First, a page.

By Alexandria Goodsell
As the fall semester comes to a close, more students are finding their way to Niagara University's library.
This year, a newly rearranged basement awaits the school's studious minds. In this room, the sunlight streams through the windows and brightens everything in its path. Evenly spaced shelves stretch across one side of the room, leaving enough open space to browse. On the other side, dozens of busy students occupy the computers and desks.
The area was not always this inviting, though. In the past, more shelves were present and most of them were situated back-to-back. Not only did this setup prevent students from accessing the library catalogue, it also effectively blocked incoming light by obscuring some windows. Additionally, this design was incongruous with the more easily reachable shelves located on the second floor. During the summer months, library employees joined together to improve these conditions.
What was the reason behind this decision? "The shelves were breaking down," explained technical assistant Kathy Urso.
Debbie Farrell, coordinator of the circulation department, agreed the shelves were old. Over time, the operational switch controlling the shelves had become faulty - often times, the shelves wouldn't move when activated. This dilemma couldn't be overcome by moving the shelves manually, as their large build and metal composition made it a dangerous affair. Instead, a special key had to be obtained from the library office to restore performance. Overall, moving shelves to retrieve books had become a chore.
Amassed texts were another cause of concern. Previously, Niagara University's library was home to a number of antiquated encyclopedias and books left untouched for decades. Many of these books were yellowed with frayed edges; others had become so fragile that the pages or binding would give out after a simple handling. Because these materials long ago reached their expiration date, they were traded in favor of more space.
The job of organizing the library started in July and completed in late August. The process started with discarding or donating old books. The books chosen to leave were those that seemingly provided no significance to the student population - those that had not been checked out in over a decade. Before being shipped off, each one of these books was saved in the library's system after their barcodes had been photocopied and scanned.
Removing a considerable amount of books naturally left gaps in the catalogue. Additionally, the shelves were altered to be filled 70 percent with books, though some were strategically left empty so that future entries could be added with ease. The amount present on shelves previously differed from this standard, with the percentage varying from shelf-to-shelf. As a result, more inconsistencies arose from the rearrangement.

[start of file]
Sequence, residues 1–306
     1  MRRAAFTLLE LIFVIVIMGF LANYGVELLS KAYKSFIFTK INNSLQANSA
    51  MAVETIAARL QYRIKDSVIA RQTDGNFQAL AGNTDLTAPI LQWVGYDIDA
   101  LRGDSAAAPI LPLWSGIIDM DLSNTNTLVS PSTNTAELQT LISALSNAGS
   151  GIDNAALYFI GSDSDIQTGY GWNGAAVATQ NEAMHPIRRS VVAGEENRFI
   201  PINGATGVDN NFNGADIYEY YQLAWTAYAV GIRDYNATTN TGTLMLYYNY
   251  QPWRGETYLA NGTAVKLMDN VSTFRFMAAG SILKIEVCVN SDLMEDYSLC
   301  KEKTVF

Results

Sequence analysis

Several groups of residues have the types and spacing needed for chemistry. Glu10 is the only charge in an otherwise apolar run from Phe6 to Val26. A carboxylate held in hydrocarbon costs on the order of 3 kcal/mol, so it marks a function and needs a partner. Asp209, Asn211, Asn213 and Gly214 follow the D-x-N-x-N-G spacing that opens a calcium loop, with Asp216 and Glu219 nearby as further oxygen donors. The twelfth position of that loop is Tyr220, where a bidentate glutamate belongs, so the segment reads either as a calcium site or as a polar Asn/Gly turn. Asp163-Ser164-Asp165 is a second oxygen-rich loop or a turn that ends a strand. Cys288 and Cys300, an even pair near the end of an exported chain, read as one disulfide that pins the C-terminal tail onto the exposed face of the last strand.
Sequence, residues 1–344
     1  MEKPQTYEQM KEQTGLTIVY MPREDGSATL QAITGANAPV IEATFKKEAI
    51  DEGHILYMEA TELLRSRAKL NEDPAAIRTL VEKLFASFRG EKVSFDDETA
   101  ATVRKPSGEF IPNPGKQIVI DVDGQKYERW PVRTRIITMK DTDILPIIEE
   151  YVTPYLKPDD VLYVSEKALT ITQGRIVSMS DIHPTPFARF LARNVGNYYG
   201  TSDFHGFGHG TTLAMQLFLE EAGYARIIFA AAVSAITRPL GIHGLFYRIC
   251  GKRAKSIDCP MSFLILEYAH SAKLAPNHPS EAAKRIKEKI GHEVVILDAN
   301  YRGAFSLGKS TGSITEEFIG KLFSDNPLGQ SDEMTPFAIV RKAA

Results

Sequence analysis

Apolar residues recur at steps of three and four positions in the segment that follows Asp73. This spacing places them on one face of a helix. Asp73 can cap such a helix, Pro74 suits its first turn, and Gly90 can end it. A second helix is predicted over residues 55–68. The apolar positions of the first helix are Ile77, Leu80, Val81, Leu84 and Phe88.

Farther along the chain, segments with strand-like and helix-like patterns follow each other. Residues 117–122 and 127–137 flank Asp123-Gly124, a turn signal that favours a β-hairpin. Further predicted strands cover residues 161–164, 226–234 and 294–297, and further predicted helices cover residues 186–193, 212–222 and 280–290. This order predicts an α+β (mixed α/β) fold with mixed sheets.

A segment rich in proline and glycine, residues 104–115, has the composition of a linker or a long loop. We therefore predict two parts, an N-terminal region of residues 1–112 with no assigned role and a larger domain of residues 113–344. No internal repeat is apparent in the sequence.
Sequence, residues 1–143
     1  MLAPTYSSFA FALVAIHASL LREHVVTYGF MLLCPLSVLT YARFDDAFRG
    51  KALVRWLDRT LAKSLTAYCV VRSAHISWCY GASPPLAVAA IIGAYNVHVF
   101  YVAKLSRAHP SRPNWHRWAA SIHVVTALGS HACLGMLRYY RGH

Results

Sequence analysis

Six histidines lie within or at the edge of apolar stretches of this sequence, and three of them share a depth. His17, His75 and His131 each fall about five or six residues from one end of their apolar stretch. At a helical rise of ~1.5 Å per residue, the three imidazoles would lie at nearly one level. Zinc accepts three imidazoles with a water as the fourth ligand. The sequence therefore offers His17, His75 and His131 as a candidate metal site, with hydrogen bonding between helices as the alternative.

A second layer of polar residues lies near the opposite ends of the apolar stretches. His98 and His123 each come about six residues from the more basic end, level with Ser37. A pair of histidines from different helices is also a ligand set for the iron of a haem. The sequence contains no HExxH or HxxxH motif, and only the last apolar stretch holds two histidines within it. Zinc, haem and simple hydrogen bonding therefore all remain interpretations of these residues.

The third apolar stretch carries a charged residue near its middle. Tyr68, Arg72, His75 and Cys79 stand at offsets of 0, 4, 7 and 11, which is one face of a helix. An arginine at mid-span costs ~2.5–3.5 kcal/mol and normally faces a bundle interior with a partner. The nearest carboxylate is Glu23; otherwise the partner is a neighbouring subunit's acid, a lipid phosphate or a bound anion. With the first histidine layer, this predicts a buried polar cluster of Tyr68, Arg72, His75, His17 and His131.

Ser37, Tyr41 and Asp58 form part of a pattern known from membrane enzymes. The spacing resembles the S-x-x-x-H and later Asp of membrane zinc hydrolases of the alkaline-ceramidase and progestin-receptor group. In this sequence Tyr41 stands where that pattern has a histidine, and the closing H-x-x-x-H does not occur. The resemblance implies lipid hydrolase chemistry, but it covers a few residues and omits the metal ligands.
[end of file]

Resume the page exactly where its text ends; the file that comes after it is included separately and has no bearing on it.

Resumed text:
For these reasons, misplaced books were shifted either up or down to help fill in the gaps. This involved carting books from shelf-to-shelf and placing them in order according to their call number. While the books were rearranged to be alphabetical, they were also rearranged to make the best use of a limited space while also creating a consumer-friendly experience. All rows and columns were made to be even with each other.
By this time, more than 10 of the shelves present were barren. Before they were dismantled, book ends and holders were removed from their racks and saved. The detached parts - which consisted of metal rods, wheels and dividers - were carried to a Dumpster that was subsequently brought to a recycling facility. The cleanup consisted of collecting the nuts and bolts that had fallen on the ground and straightening the books to create a more appealing appearance. The shelves, too, were sorted out so that the space between each was even.
Similarly, the basement's computer lab saw progress during this time, albeit on a smaller scale. This room formerly contained outdated computers with thick monitors and worn-out keyboards. Currently, students can use sleek desktops along with upgraded mouses and keyboards.
Other miscellaneous furniture on the floor has been upgraded, as well. Many of the chairs surrounding a large table had been deteriorated after frequent use; some featured broken arm rests while others had tears in the fabric that revealed cotton lining. Now, brand-new chairs sit in their place to make visitors more comfortable. Moreover, dry-erase markers and erasers for whiteboards are regularly renewed.
Students and Staff Reacts
Since the changes have been put into place, some staff members are appreciative of what their work accomplished.
"It's lighter. The shelves are more open," said Urso about her favorite changes. She continued, "Student workers can shelf-read better. It's made all of our jobs easier - there's no more running around."
Faculty members weren't the only ones to take notice. Urso said, "Students have noticed a difference. They're happier and can find books better." Recent studies can attest to these claims. One study
suggested natural lighting decreases distraction in students and thus is best for maximum productivity and learning. Another study
provides a link between daylight exposure and superior school performance.
From the response, the basement's redesign has proven to be a success. A once dark, crowded place has transformed into something more: A facility suited to the needs of a student.
The shelves Niagara University Library are now easily accessible with relevant reading material on display.
Given the positive response, the faculty hopes for more changes like this in the future.
David Schoen, director of the library, said he would like more computers. "We need a completely new library." However, he added the school is lacking in donations for such a cause.
Niagara University's library is located on 4 Varsity Drive and open sevent days a week. Visit its website
for information on hours.